Honestly, I don’t understand the uproar about these outfits. People say they will ruin your credit. That’s nonsense. I genuinely got a lot of benefit from it.

This is somewhat of a hijack, but …

I was considering going through AmeriDebt for some credit negotiation assistance a few years ago. Around the same time, I went to speak to a mortgage banker to see if we could get prequalified for a home loan.

The mortgage banker told me that as far as his company was concerned, having gone through credit settlement was as bad a demerit as having gone through bankruptcy.

However, I’ve since learned that not all lenders/potential creditors are like this. It really just depends on what kind of credit you are trying to obtain (home loan, auto loan, furniture store extended payments, etc.) and on the individual policies of each given company.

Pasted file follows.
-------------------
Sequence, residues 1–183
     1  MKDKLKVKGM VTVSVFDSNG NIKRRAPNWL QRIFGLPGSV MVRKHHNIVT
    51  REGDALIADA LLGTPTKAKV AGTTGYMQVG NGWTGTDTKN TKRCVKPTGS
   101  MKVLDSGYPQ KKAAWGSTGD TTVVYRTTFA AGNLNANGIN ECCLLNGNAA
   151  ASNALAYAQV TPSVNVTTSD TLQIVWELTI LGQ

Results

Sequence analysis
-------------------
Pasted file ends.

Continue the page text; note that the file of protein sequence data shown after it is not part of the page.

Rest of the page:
“Not for profit” doesn’t mean that they don’t charge.

My sister, a realtor, tells me the same thing.

Well, color me silly, but I would think actually trying to improve a poor financial situation would qualify as a good thing.

And another thing: My understanding is that the notation “managed by credit counseling service” that appears on your credit report can be made to go away once you’re through with the service. Not sure if this is entirely correct yet, though.

There have been a lot of such companies springing up in recent years. One way the more fly-by-night companies make money is to take your payments and not send them on to the creditors. When complaints start to come in, disappear.